This article appeared online at on Monday, July 27, 2015:  

Democratic presidential contender Hillary Clinton, reacting to the release of reports by the inspectors general of both the State Department (where she used to work) and Office of National Intelligence that some of her personal e-mails contained national secrets, predictably responded by deflecting the real issues. Rather than directly confronting the charges, she criticized the New York Times for bringing them to light. That article, she said, “contained a lot of inaccuracies,” probably because of the heat:

Maybe the heat is getting to everybody. We all have a responsibility to get this right.


We are all accountable to the people to get the right and I will do my part, but I’m also going to stay focused on the issues … the big issues that really matter.

It was Wednesday’s article in the Times that ignited the brouhaha: The Justice Department initially said that the IGs’ requests were a “criminal referral,” but on Friday the Department “clarified” the matter claiming that the IGs’ request “related to the potential compromise of classified information. It is not a CRIMINAL referral.”

The DOJ didn’t explain what the difference would be: If she compromised national security by including classified information in her e-mails, she could potentially be charged with treason under Article III, Section 3 of the Constitution, such clarifications notwithstanding:

Treason against the United States shall consist only in levying war against them, or in adhering to their enemies, giving them aid and comfort.

In its “re-skinned” article published on Friday, the New York Times blamed their error on the Justice Department, participating further in the misdirection and deflection of the real issues. In its correction, the Times wrote that its initial report (on Wednesday), “using information from senior government officials, misstated the nature of the referral to the Justice Department.… The referral addresses the potential compromise of classified information in connection with [Clinton’s] personal email account. It did not specifically request an investigation into Mrs. Clinton.”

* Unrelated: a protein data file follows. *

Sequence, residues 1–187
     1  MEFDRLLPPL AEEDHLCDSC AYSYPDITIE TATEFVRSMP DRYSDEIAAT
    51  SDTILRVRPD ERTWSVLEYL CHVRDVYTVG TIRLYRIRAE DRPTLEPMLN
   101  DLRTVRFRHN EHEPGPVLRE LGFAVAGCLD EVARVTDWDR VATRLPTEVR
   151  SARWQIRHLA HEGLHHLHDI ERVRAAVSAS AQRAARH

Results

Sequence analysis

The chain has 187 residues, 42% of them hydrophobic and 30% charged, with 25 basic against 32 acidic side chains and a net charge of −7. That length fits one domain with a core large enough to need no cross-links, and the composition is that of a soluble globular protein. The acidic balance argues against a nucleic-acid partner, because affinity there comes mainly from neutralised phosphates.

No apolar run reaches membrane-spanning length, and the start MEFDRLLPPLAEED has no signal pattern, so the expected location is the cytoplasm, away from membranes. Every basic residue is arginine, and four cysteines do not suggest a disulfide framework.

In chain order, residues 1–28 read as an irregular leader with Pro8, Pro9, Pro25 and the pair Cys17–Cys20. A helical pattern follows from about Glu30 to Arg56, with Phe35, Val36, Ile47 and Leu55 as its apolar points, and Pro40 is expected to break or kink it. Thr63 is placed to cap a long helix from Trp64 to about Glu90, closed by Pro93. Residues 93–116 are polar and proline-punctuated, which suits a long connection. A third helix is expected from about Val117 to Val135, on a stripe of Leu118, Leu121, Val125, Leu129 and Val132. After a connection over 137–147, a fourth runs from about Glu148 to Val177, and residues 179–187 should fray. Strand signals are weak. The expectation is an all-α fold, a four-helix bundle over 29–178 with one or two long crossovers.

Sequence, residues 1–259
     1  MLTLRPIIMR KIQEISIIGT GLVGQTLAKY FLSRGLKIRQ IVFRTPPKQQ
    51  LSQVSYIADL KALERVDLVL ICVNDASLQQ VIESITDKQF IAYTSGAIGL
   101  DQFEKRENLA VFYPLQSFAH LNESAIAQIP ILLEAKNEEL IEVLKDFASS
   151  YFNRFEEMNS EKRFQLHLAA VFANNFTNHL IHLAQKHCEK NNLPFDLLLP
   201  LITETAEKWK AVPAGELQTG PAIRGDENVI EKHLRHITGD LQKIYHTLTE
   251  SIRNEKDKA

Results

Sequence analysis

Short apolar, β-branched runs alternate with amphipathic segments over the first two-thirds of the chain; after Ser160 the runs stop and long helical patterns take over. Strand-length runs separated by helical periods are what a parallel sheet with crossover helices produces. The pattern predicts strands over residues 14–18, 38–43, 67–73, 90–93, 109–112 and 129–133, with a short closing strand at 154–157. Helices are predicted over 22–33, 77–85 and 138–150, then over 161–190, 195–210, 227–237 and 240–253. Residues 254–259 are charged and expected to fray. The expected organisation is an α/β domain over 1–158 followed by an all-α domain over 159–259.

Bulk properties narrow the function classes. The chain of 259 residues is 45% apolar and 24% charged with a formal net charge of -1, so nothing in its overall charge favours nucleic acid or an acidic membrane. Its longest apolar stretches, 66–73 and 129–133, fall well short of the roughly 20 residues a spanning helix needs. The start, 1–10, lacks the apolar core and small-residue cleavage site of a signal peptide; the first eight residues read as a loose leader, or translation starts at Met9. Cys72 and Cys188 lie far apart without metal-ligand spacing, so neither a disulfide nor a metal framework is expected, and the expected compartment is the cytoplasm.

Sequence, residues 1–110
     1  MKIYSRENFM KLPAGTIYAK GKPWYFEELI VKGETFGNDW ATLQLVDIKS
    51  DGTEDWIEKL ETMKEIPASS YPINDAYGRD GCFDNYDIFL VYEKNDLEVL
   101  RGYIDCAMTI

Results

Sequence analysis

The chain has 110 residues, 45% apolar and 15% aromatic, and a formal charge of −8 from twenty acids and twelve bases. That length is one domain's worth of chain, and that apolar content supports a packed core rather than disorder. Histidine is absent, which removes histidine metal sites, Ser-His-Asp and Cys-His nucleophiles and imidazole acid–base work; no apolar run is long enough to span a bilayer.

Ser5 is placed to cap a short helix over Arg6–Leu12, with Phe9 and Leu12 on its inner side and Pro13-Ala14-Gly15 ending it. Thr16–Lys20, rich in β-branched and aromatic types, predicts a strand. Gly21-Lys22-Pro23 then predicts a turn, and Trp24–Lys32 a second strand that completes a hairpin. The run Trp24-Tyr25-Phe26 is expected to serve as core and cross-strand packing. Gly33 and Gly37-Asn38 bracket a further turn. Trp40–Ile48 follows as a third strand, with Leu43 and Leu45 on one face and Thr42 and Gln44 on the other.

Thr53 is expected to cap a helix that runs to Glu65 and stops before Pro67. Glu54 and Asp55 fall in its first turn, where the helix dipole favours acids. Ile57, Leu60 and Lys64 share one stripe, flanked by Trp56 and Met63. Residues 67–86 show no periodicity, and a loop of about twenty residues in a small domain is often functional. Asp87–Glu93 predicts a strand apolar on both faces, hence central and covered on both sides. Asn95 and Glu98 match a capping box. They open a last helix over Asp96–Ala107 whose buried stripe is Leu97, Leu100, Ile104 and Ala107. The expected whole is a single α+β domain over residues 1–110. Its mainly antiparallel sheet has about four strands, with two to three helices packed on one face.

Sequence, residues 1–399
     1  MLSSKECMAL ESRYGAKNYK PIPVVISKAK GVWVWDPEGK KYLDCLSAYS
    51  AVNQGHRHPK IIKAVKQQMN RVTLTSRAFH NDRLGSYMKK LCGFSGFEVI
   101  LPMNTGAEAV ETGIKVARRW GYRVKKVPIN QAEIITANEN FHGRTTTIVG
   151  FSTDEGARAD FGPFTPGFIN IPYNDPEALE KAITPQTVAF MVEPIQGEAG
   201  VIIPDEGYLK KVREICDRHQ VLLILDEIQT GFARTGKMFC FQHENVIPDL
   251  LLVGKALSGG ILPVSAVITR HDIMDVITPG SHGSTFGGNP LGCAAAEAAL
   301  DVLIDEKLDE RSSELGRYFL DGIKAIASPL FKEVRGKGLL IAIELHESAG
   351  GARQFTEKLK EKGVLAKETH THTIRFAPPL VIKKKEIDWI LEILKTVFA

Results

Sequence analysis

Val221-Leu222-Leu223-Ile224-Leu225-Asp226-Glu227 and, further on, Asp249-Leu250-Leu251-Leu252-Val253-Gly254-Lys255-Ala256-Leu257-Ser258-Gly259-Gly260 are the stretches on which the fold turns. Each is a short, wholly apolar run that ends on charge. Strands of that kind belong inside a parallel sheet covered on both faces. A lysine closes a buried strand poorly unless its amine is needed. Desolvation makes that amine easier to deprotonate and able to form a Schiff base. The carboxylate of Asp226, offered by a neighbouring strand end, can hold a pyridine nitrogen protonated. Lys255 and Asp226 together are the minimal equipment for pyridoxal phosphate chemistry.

If the referral didn’t point to Clinton and her e-mails, then just whom did they point to? In a joint statement, the two inspector generals, Charles McCullough of the Office of National Intelligence and Steve Linick of the State Department, said their staffs had combed through 40 of the e-mails Clinton released to the public while claiming they were clean, and found at least four that contained classified information. Said Linick, “This classified information should never have been transmitted via an unclassified personal system.” If 10 percent of the e-mails the two IGs investigated were found to be tainted, that could mean than more than 3,000 of her personal emails were also tainted with classified information relating to national security. And that’s only based on the 30,000 e-mails she “willingly” released. There were another 32,000 “ and personal” e-mails that she, and her lawyers of course, determined weren’t relevant, and were deleted from her server.

Clinton expanded on the obfuscation of the real issues by claiming that if anything in those e-mails was classified, they were classified only after she sent them. McCullough responded to that misdirection, saying that Clinton was wrong, that the information contained was classified then, and remains classified now.